Standing in front of a crowd of more than 40 people, Rachel told her story. She admitted not that many years ago she could not have even imagined standing in front of that group.
Rachel assumed she would be dead.
A victim of years of abuse, Rachel talked about the fear, pain and desperation she felt as a victim of domestic violence during a rally held in Redwood Falls March 27 at the Redwood Falls Public Library.
“There were times when I did not see it coming,” she said, adding at times it was punches and others meant even being pushed down a set of stairs.
The abuse at the hand of her husband was not limited to her. As time went on her children faced the same abuse, and time after time she would have to lie to teachers, doctors and human services about the bruises.
“He would tell me what to say,” Rachel said.
Over the years, the abuse escalated, said Rachel, adding one day he cornered her in the bathroom and put a screwdriver through her forehead. Rachel said she got away, ran to a gas station and someone gave her a ride to the hospital.
While she told those providing medical care to her that she had fallen, they knew there was something else going on, so they gave her some phone numbers to call to get help.
“I quickly threw those away before they would be found,” she said.
The feelings of isolation grew.
Contact with family and friends was cut off.
The last straw for Rachel was when she found her husband choking her five-year-old disabled son and seeing his face turning blue.
“I knew I had to leave,” said Rachel adding after 10 long years she got the help she needed.
Thanks to the WoMen’s Rural Advocacy Program (WRAP) Rachel said she and her children are alive.
Stories like Rachel’s are an all-too-common occurrence, and those attending the rally were given the chance to hear the statistics about domestic violence and the fact that some are not as fortunate as Rachel, as their lives were taken as a result of domestic violence.
There were 12 of them during 2018 in Minnesota, and Jason Jacobson of the Redwood County Sherif’s Department and Susan Minkel of the Redwood County Restorative Justice program, read each of those names.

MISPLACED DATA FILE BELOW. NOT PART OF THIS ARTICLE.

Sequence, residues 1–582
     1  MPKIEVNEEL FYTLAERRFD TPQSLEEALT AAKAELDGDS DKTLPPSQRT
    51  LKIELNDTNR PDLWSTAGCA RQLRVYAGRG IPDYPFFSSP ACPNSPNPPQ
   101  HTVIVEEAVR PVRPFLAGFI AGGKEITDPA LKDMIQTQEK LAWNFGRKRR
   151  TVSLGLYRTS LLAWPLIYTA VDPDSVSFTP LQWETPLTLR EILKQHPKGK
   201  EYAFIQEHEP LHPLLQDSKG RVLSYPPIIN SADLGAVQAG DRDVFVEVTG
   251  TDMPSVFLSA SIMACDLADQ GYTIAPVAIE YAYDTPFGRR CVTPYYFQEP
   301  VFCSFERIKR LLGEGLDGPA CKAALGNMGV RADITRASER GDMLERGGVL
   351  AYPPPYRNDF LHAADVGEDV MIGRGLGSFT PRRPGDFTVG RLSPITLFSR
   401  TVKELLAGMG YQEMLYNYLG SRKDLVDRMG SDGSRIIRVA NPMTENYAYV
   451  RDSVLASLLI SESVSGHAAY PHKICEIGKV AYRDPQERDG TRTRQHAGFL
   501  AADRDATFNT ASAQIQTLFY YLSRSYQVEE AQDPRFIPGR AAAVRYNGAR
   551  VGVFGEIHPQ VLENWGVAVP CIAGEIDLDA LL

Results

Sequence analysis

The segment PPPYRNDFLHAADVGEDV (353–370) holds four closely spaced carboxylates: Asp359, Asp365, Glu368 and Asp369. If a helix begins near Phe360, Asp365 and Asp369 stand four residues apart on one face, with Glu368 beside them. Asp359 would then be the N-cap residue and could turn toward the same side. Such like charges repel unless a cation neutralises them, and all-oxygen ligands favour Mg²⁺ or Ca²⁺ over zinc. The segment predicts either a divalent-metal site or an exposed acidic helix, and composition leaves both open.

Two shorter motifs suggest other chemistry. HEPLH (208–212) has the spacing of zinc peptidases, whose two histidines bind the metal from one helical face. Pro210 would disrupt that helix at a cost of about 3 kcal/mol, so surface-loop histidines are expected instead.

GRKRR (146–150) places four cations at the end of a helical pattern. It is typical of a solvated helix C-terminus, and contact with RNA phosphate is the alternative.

One by one flowers were placed in a vase, and a moment of silence in their memory was followed by those attendance saying “we remember.”
According to Brittany Miller of WRAP in Redwood Falls, in Minnesota there are more than 55,000 survivors of domestic and sexual violence who will reach out for services during this year alone.
Many others will not be able to reach out, Miller added, and over the past three decades there have been more than 1,000 people who lost their lives as a result of domestic violence statewide.
Sadly, said Miller, no one really knows the number of people who are impacted by domestic violence every year simply because so many cases go unreported.
“These numbers reflect people like me and you,” said Miller. “They are our family members, our friends, our co-workers and our neighbors. They are people we may not know but say hello to at the grocery store or the gas station. They are us.”
Miller said those who can’t speak for themselves need to have others who are committed to raising awareness of domestic violence, adding the good news is Minnesota continues to lead the way when it comes to providing services for those victims. That, she said, needs to continue.
As part of the rally, attendees were handed cards that included information on two current pieces of legislation being proposed in Minnesota.
The first (House File 464) would provide funding for the domestic abuse transformation program, which offers intervention programming for perpetrators of domestic violence in an effort to help protect victims from further harm.
The second (House File 479) would implement funding for the domestic and sexual violence prevention fund to assist community-based advocacy programs that are working in underserved communities.
According to Lori Anderson, a Minnesota Department of Corrections probation officer in Redwood County, in 2017 there were 48 offenders on probation in Redwood County for domestic related offenses.
Anderson said those perpetrators of domestic violence are referred to a Project Turnabout program. That program lasts 26 weeks, Anderson said, adding most who are told they have to take part in that program grumble about it. Yet, many come back after they have finished the program and tell her that it really made a difference.
Anderson said there is definitely a need for continued funding for domestic abuse programming simply because it is working.
Minnesota needs to continue to lead the way, reiterated Miller, adding the work of domestic abuse prevention is not limited to policymakers or those who offer services through programs or agencies.
“It is the work of all of us. We believe we can end domestic violence, and we are asking each one of you to become part of the solution,” said Miller.
Jenna Peterson, Redwood County attorney, called Wednesday a powerful day, adding people in our communities deserve to live lives that are free from violence.
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